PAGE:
Vegan Yule Log
This chocolate vegan yule log is a real show-stopping Christmas dessert! It consists of a rolled chocolate sponge cake filled with vanilla buttercream and coated with creamy chocolate ganache.
I honestly didn’t think this day would ever come. But I am SO happy to present this chocolate yule log recipe to you!!
Believe me when I say that WEEKS of hard work went into this recipe! There were actual real tears of frustration and many, MANY failed attempts.
Out of all the recipes I’ve made for this blog, this one was by far the hardest to get right. (That includes the aqua faba pavlova I made 7 times!)
And when I say get right, I mean get “perfect”. Even though the log is coated in chocolate ganache which covers up any imperfections, I wanted to make sure it had no cracks.
I figured if I could get a perfect crack-free log, then even beginner bakers should be able to put this together without it completely falling apart, which is a common problem with yule logs in general (vegan or not).
I’d rather someone used the chocolate ganache to cover up a few small cracks or tears rather than try to glue the entire thing together with it.
So here we are, 3 weeks later, with this pretty perfect yule log!
What is a yule log?
Just for anybody who might not know, a yule log is a rolled cake that’s filled with cream or buttercream and coated in icing or ganache.
It’s typically flavoured and decorated with chocolate so that it looks like a real wooden log, and it’s very popular around Christmas time. It originates from France but is enjoyed all across Europe (and many other places, I’m sure).
Want more dessert inspo? Check out the 68 best vegan desserts.
It’s also known as bûche de Noël, which translates from French to “Christmas log”.
I chose to fill mine with vanilla buttercream rather than whipped cream. This is simply because vegan cream isn’t usually firm enough to hold its shape and it would probably spill out the edges of the log.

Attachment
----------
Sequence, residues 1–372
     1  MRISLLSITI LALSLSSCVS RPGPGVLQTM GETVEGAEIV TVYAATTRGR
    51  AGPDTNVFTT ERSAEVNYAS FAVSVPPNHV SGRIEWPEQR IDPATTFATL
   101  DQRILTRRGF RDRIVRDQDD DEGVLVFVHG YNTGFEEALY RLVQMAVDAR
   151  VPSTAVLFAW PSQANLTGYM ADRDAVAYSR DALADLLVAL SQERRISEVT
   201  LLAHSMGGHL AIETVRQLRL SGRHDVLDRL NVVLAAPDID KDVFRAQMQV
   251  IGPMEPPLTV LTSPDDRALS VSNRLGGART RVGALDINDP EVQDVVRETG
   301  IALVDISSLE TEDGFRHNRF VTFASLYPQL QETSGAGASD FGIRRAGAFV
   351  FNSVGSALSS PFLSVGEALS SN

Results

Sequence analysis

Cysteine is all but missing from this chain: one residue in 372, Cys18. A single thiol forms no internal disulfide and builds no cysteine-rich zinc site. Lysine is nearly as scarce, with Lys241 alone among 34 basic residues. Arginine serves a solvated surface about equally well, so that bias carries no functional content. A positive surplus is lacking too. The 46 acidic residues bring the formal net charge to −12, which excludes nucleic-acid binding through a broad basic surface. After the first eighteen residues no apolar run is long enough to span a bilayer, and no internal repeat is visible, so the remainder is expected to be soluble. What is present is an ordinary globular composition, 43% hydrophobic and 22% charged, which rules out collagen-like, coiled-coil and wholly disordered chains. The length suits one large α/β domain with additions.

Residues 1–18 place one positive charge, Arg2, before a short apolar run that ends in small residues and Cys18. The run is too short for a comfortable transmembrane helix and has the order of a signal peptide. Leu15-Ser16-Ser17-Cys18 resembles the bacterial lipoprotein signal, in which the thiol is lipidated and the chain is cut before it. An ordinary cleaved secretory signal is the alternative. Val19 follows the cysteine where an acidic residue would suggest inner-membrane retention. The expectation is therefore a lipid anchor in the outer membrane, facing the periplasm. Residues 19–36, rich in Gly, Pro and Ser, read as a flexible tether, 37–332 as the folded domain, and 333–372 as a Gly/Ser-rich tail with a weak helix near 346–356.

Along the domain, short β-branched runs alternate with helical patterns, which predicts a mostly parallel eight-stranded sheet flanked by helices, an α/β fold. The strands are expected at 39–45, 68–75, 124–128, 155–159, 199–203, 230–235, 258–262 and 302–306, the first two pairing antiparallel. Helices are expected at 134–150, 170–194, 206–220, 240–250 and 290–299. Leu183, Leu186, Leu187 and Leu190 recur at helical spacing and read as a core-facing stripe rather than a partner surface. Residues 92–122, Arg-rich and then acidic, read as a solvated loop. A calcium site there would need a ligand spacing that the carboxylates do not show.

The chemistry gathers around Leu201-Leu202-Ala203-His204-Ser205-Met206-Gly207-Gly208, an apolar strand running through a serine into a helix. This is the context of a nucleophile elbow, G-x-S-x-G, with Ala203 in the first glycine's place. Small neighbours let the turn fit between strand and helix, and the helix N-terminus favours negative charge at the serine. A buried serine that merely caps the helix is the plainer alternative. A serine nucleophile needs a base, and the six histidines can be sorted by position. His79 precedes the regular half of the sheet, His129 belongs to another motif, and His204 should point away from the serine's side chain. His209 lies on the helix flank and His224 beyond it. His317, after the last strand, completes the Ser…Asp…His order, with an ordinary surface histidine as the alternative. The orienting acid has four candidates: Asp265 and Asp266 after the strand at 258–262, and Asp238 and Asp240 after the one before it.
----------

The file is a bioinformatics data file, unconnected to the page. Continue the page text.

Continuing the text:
If you don’t mind the taste of coconut, you could make my coconut whipped cream which would be firm enough to fill this cake with.
Want more vegan Christmas desserts?
- No-bake yule log
- Strawberry trifle
- Sugar cookies
- Gingerbread men
- Candy cane macarons
- Chocolate orange brownies
- Sticky toffee pudding
How to make a vegan yule log
Preheat your oven to 180°C (or 160°C if you’re using a fan oven).
Line a swiss roll tin (or 10 x 14 inch baking tray that’s at least 1-inch deep) with baking paper.
In a large bowl, mix together 200g of self-raising flour*, 1 tablespoon of unsweetened cocoa powder, 1/4 teaspoon of baking soda and 1/8 teaspoon of xanthan gum.
Xanthan gum will help the sponge become more flexible, which will prevent it from cracking, but be aware that it is very potent stuff. I strongly recommend using a 1/8 teaspoon measuring spoon instead of eyeballing it with a regular teaspoon because if you add too much, the batter will be too thick to spread and the cake will be very dense.
*If you can’t find self-raising flour, just use plain all-purpose flour and add 2 teaspoons of baking powder to the recipe.
Stir in 115g of caster/superfine sugar.
Next, measure out 75g of dairy-free margarine and gently melt it over the stove or in the microwave.
Add the melted butter into the bowl with the dry mixture, along with 250ml of soy milk and 2 teaspoons of vanilla extract.
Mix it all together until you have a smooth cake batter.
Transfer the batter into your lined tray and use a spoon or spatula to spread it out to the edges.
The batter will be thicker than a usual cake mix but try to make sure it’s spread out very evenly. I go along the tin vertically then horizontally to make sure there are no spots that are too thick or thin.
Tap the tray on the counter a few times to get rid of any large air bubbles.
Bake for 12 minutes then remove from the oven. Leave the cake in the tin to cool for 5 minutes.
Dust a clean dishcloth / tea towel with unsweetened cocoa powder. Be generous with it but don’t go crazy or the cake will become bitter.
Tip the warm cake onto the dishcloth and gently remove the baking paper.
Cut off any rough or uneven edges using a knife.
Sprinkle a small amount of cocoa powder over the cake and gently roll it up with the dishcloth, while the cake is still warm.
I make a small fold at the beginning and use both hands to tightly roll the cake.
Once rolled, leave the cake at room temperature to cool for 90 minutes.